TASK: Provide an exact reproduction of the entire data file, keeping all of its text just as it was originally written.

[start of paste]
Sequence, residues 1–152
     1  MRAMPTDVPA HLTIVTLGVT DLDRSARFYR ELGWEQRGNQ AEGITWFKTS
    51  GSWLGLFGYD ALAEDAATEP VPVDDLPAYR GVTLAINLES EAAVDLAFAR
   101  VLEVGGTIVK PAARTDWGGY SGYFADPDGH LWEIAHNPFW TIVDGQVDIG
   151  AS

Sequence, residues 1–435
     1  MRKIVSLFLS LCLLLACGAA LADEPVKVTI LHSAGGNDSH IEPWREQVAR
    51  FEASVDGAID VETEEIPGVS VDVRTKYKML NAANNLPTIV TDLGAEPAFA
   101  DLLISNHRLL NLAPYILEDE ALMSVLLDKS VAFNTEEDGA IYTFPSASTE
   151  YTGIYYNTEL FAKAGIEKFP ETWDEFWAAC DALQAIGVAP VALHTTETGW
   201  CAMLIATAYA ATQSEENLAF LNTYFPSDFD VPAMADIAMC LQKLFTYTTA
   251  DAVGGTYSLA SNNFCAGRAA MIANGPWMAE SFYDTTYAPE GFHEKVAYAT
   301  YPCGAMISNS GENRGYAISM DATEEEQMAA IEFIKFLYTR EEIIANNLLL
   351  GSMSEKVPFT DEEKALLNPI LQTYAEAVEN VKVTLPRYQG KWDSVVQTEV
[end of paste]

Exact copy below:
Sequence, residues 1–152
     1  MRAMPTDVPA HLTIVTLGVT DLDRSARFYR ELGWEQRGNQ AEGITWFKTS
    51  GSWLGLFGYD ALAEDAATEP VPVDDLPAYR GVTLAINLES EAAVDLAFAR
   101  VLEVGGTIVK PAARTDWGGY SGYFADPDGH LWEIAHNPFW TIVDGQVDIG
   151  AS

Sequence, residues 1–435
     1  MRKIVSLFLS LCLLLACGAA LADEPVKVTI LHSAGGNDSH IEPWREQVAR
    51  FEASVDGAID VETEEIPGVS VDVRTKYKML NAANNLPTIV TDLGAEPAFA
   101  DLLISNHRLL NLAPYILEDE ALMSVLLDKS VAFNTEEDGA IYTFPSASTE
   151  YTGIYYNTEL FAKAGIEKFP ETWDEFWAAC DALQAIGVAP VALHTTETGW
   201  CAMLIATAYA ATQSEENLAF LNTYFPSDFD VPAMADIAMC LQKLFTYTTA
   251  DAVGGTYSLA SNNFCAGRAA MIANGPWMAE SFYDTTYAPE GFHEKVAYAT
   301  YPCGAMISNS GENRGYAISM DATEEEQMAA IEFIKFLYTR EEIIANNLLL
   351  GSMSEKVPFT DEEKALLNPI LQTYAEAVEN VKVTLPRYQG KWDSVVQTEV